I was further encouraged that I made the right decision as I was walking out of the .com building for the last time. I ran into a co-worker who I hardly knew, but she told me I was making the right decision. I asked her why, and she said that she had seen so many people stay at ESPN, fearful that they'd never find a better job. But the people she knew who had left ESPN never looked back. "There is life after ESPN," she said, and I'm excited to see what it's all about.

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Comments (Post | Latest)

1. Ben said on Jun 8 2005:

Congratulations on the move. Embrace the challenge and enjoy LA. I'll have to keep an eye on Fox Sports now to see what you come up with.

2. Bill Mill said on Jun 8 2005:

Good luck in the new place & job. You still going to hang out for ultimate this summer, or are you leaving soon?

3. moo said on Jun 8 2005:

congratulations, good luck out in the west end.

4. Noah Brier said on Jun 8 2005:

Congratulations and best of luck.

5. Sujal Shah said on Jun 8 2005:

Wimp. Can't handle the suburbs, can ya?

Good luck, man. Looking forward to seeing what cool things you end up doing there. And if we can beat you to it over here. :)


6. Joel Barciauskas said on Jun 8 2005:

Moving to CT was the biggest reason I didn't take the job offer I received from you guys. (Thanks again for passing on my resume!) It's a great group of people and a one-of-a-kind opportunity to work for the most popular content site on the web, but there are factors to consider other than the work itself.

I was really surprised, too, at how far away they threw you guys from the main campus, I guess it really makes no difference, just seemed kind of odd. Ah well. Sorry we didn't get to meet when I came for the interview, it's a great group of people there! Sometimes its just time to do something new, though, huh?

7. JD said on Jun 10 2005:

Congrats dude!

8. Ben Christen said on Jun 13 2005:

congrats! leaving the evil empire (disney) can be a good thing. shoot me an email if you need LA recommendations (places to eat, etc.) - just so you know, you won't find any pizza that compares (sadly), but there's lots of other stuff to make up for it.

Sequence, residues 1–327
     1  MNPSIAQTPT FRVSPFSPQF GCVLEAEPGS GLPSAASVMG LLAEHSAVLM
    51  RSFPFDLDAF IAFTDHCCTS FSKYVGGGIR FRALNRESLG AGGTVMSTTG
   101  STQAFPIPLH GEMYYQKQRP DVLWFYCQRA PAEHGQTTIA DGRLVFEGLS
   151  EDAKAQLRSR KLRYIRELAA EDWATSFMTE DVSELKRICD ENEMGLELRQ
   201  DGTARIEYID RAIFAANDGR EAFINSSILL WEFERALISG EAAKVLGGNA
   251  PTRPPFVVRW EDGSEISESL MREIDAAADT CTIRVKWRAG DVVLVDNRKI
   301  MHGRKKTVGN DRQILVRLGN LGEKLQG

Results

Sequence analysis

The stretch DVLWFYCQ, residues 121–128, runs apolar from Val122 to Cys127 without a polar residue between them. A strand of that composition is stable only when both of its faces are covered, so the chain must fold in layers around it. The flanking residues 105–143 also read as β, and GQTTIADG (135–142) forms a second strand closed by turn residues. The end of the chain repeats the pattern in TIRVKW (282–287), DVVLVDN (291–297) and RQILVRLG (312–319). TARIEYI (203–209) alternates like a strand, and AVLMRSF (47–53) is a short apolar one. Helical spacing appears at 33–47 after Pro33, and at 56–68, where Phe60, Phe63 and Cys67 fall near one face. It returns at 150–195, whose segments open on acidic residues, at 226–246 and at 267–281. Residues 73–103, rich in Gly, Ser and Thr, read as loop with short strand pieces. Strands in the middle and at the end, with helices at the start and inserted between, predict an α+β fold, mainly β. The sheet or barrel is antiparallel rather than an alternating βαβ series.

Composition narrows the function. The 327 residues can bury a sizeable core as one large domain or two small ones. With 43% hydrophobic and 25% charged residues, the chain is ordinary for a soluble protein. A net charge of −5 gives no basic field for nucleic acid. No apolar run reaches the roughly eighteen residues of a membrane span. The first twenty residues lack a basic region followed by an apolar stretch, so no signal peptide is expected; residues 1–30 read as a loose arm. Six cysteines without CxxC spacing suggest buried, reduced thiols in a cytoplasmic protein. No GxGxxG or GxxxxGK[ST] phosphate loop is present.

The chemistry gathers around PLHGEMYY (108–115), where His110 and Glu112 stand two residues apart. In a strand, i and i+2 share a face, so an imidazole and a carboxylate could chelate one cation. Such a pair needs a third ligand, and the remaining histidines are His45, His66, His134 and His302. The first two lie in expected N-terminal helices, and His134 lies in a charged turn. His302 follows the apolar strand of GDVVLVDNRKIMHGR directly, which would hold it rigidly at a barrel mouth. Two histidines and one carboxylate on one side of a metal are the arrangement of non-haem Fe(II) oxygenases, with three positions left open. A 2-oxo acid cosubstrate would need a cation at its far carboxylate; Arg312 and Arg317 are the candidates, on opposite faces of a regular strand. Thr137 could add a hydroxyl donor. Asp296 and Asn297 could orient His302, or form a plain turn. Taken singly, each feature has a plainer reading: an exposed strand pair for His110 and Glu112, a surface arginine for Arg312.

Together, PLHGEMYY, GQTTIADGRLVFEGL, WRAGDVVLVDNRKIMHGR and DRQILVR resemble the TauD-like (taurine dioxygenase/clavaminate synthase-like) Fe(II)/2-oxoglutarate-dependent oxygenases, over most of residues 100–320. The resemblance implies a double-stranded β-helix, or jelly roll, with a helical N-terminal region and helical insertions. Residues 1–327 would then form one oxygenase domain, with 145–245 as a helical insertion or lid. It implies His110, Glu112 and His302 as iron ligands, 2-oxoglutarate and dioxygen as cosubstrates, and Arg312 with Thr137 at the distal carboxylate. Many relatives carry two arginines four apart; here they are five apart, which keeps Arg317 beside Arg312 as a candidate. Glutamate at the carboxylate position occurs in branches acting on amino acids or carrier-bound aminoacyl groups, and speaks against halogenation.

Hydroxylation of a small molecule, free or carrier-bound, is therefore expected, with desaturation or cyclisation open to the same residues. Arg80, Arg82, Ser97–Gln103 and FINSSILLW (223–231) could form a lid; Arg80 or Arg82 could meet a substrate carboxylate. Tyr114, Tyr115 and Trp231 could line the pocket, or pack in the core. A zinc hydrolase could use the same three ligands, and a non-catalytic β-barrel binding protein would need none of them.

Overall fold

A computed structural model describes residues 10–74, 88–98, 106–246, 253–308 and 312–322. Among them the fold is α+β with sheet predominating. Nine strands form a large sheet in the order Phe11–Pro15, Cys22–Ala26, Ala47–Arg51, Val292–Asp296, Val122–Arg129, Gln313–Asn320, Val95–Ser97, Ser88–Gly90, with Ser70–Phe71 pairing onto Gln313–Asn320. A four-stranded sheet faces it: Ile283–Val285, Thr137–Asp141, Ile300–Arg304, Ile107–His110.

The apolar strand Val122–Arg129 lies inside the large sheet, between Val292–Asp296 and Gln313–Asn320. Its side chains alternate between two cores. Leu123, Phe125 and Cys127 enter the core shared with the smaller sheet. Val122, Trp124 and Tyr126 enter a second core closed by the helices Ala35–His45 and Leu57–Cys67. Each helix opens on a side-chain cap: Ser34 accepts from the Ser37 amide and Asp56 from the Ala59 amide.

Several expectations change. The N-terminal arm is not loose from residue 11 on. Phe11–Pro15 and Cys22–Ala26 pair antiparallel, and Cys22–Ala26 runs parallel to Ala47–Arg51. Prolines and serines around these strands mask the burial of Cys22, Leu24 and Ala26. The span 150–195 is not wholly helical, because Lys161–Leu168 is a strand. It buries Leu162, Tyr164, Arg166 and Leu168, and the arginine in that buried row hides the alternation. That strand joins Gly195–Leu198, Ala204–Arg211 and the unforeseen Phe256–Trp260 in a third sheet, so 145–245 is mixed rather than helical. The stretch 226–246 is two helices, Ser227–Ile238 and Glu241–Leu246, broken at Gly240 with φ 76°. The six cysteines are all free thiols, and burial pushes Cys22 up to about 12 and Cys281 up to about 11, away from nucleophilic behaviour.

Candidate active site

9. JS said on Jun 14 2005:

Congrats. I've been to Bristol and there's not much going on there. While a job at ESPN is an amazing opportunity, it's like your co-worker said, there is life after ESPN. Best of luck!

10. Jaime said on Jun 16 2005:

Congrats Reemer! We'll miss you on the east coast!

11. Eric said on Jun 22 2005:

Wow. Fantastic news. Congratulations and good luck. Looking forward to hearing what's going on at Fox!

12. Chad Schmidt said on Jun 26 2005:

Can't support your decision enough. I left and went to business school. My new job is totally different and I love it even more.

13. Juan said on Jul 10 2005:

hey man I just stumbled on ur site because I was looking for anti-ESPN sites out there. I love sports and I used to check ESPN religiously, I still check it every day but go to other sites for analysis because the Insider thing drives me crazy. I like the fox site because they have baseball rumors and such for free there. That site was horrible just a year or two ago and has improved dramatically. Please don't let Fox follow the ESPN Insider model, everyone I know is turned off by it and it upsets me that great writers like Simmons, Stark, Gammons don't take a stand for their loyal readers and demand that ESPN keep all of their stuff free.


Hi, I'm Kareem Mayan. I co-founded eduFire, an online video tutoring company.

I've done time at ESPN and FIM.

I advise WorldBlu, helping them build democratic companies.

I moderated a council for Creative Good.

And, I helped bring Barcamp, a technology un-conference, to LA, which is where I live. I am now living and working in cool cities around the world.

More about me.

Opinions stated here are mine alone.

Contact: blog -at- reemer